I had someone reach out to me wondering what the monthly cost is for Permanent Life Insurance for a healthy 35-year-old.  They were thinking they preferred Permanent Insurance as opposed to Term.

There are so many options when it comes to Permanent Life Insurance, and the cost can change substantially.

  • There is Term 100, Universal Life and Whole Life.
  • There are limited pay options, where you can pay for only 10 or 20 years and the policy will then be paid up forever.
  • There are guarantees; some policies have guarantees and others do not.
  • Some policies have a cost structure that remains level, others have a cost structure where the internal pricing increases each year, which may force you to increase how much you deposit into the plan.
  • There is also the option to overfund certain policies, allowing you to deposit additional money into the policy, over and above the actual cost of insurance.

A question to ask yourself is: What are you hoping to accomplish with such product/investment? 

The main purpose of the coverage should be for the death benefit itself. The investment component can be beneficial for some.  However, this typically is best after you have already maxed out your TFSA and RRSP contributions and are looking for additional tax-deferred growth on your investments.

Do you have a significant amount of corporate surplus, invested in non-registered investments that you are paying tax on? That may be another opportunity to integrate permanent life insurance into your planning, especially if you are planning to leave that wealth behind to your children or charity. Insurance can help move money out of your corporation on a tax-free basis upon death, allowing you to pay less tax and leave more behind to your loved ones.

I would be cautious of any advisor trying to sell you such products as your primary investment vehicle since things can get ugly very quick. There are tax considerations, such as tax on the withdrawal. Sure, you can get a 3rd party loan and use your policy as collateral to access money on a tax-free basis, however you will need to pay interest on that loan and there is obviously risk to any type of leveraged strategy.

To answer the initial question, there isn’t an average cost. The individual who should be purchasing this coverage would be doing so from surplus income or surplus assets (moving money from their non-reg investments into an insurance policy as an example).  In my opinion, it’s not about the “cost”, it’s more about the tax-savings on transferring wealth and funding tax liabilities upon death.

To give you an idea on the pricing . . .

  • A $250,000 T100, with guarantees could cost around $2,000 per year – payable for life.
  • A $250,000 Guaranteed 20 Pay Universal Life would cost around $4,000 per year – however that’s not factoring in additional contributions towards the investment. That amount is over and above the cost of insurance and you can choose how much you want to deposit (up to a certain maximum based on tax rules). If you don’t overfund, the coverage remains relatively the same and doesn’t increase much over time.
  • A Guaranteed 20 Pay Whole Life with maximum deposit option would cost $13,000 per year. This policy is designed where the death benefit will increase each year.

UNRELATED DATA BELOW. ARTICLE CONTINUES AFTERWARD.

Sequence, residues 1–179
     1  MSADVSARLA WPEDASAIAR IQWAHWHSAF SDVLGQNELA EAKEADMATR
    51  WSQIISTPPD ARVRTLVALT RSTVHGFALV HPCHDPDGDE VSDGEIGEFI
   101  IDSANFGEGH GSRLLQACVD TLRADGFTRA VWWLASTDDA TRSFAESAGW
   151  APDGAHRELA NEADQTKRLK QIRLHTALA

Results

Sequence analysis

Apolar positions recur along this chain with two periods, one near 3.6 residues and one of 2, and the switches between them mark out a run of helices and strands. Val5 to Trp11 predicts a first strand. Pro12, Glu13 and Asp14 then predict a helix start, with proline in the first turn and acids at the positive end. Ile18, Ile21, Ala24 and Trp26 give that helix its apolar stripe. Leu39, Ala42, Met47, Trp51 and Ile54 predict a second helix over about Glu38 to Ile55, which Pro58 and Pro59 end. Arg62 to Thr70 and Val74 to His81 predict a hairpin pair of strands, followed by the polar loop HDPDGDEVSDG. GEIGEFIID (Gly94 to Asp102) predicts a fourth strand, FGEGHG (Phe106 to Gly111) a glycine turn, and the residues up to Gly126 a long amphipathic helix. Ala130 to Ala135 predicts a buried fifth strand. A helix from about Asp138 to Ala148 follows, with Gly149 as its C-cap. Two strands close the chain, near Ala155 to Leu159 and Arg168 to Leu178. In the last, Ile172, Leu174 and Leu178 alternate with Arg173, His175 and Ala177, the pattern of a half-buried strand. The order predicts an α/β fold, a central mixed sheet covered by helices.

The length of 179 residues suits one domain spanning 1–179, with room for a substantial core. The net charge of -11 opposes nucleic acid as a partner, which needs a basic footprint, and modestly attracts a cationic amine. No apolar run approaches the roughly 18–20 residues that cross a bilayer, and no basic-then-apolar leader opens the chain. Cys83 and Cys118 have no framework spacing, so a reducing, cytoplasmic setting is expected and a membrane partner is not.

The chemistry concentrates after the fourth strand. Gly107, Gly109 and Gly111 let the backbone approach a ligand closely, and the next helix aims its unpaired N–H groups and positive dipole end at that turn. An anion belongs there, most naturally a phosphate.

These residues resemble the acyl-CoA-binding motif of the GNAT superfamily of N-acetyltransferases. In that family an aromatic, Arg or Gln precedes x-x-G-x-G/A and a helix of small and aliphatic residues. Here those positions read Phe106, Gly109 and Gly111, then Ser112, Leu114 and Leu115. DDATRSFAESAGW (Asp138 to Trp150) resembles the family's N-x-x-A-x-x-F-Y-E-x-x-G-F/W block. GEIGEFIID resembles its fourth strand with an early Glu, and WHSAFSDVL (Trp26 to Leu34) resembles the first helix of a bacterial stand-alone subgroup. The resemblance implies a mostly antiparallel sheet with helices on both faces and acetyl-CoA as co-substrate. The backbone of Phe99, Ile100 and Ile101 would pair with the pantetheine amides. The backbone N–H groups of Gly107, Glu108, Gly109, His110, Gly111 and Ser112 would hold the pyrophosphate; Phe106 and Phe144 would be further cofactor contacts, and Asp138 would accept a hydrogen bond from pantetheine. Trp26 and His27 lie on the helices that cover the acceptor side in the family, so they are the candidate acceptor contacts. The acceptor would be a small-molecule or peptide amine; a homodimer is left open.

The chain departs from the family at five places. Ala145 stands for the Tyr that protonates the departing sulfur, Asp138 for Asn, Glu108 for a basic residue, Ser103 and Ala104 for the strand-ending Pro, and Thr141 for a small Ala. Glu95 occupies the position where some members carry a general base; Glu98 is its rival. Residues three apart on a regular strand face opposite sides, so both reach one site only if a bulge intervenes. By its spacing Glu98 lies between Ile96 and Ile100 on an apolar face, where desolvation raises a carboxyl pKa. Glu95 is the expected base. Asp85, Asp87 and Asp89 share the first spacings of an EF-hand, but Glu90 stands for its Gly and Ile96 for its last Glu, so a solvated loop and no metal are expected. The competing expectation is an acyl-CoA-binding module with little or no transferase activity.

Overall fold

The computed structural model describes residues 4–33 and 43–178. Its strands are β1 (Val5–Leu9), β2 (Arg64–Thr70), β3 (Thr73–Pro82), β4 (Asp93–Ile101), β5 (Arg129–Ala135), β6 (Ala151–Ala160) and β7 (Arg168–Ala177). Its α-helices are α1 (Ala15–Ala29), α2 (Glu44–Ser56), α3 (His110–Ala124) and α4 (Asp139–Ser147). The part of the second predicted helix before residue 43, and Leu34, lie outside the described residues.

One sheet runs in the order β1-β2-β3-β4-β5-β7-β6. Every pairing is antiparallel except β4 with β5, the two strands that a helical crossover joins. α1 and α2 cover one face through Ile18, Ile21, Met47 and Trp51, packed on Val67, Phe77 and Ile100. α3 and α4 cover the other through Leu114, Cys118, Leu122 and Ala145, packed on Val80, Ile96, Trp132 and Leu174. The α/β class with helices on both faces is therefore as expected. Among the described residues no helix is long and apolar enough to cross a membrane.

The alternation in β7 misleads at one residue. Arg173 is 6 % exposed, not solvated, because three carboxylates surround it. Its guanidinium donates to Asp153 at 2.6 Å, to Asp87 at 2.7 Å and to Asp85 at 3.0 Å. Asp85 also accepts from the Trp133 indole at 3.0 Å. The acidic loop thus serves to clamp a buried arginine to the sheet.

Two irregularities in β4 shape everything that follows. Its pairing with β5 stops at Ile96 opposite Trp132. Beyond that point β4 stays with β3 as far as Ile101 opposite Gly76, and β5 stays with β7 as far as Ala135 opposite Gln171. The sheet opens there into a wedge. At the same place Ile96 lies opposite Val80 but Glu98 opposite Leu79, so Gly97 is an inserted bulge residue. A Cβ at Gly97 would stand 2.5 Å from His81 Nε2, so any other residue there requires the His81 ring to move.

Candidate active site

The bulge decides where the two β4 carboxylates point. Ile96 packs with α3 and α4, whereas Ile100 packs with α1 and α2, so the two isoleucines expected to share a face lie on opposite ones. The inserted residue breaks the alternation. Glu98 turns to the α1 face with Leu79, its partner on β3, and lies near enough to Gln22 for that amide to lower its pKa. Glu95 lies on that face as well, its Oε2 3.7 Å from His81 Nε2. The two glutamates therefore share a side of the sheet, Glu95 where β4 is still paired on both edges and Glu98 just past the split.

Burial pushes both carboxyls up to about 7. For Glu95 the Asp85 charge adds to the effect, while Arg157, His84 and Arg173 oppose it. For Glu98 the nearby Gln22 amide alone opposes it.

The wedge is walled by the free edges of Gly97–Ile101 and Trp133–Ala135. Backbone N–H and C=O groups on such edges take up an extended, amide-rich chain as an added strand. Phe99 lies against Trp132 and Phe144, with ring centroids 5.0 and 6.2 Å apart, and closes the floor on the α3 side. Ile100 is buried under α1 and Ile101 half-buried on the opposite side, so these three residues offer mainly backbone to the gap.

All three policies are $250,000 Permanent policies, however the cost varies significantly as the internal structure of the product is different. The best product will be determined based on what your goals are and what you are hoping to accomplish with the product.

Then there are products that are less expensive, that don’t have guarantees. This means that if the market doesn’t perform as illustrated, you will need to dump in a substantial amount of money into the policy or simply let it lapse (and you don’t get anything back from what you put in).

If you are hoping to access the cash value, one product may be better than the other as well. For example, lenders are more liberal with their lending on Whole Life given the guarantees (the cash value is guaranteed never to decrease). This means that you may be able to get a loan for up to 90% of the cash value if needed. Whereas, Universal Life is invested in the markets (typically), which can fluctuate in value. This means lenders may only let you borrow up to 50%, and that will depend on your creditworthiness. Yes, you can elect to transfer the investment into guaranteed funds to obtain a higher loan, however the guaranteed funds may not be very attractive as an investment.

Keep in mind, $250,000 of coverage will very likely not be enough for your family if something happened today. And how much will $250,000 actually be worth in 50+ years? You need to factor in inflation. We know that $250,000 in 1975 had much more purchasing power than it does today.

Lastly, Term Insurance is inexpensive . . . $1MM of Term 20 would cost $600 per year. This is $1,400 lower than the T100. If you invested $1,400 annually in your TFSA, how much would that be worth at life expectancy? Well, at 6% it would be worth $430,858 at Age 85 . . . which is much better than the $250,000. This is why Buy Term and Invest is a very smart strategy for most.

This type of insurance becomes attractive when you are moving your investments from a taxable environment (non-registered investments) as the tax will erode the value of your investment for your loved ones.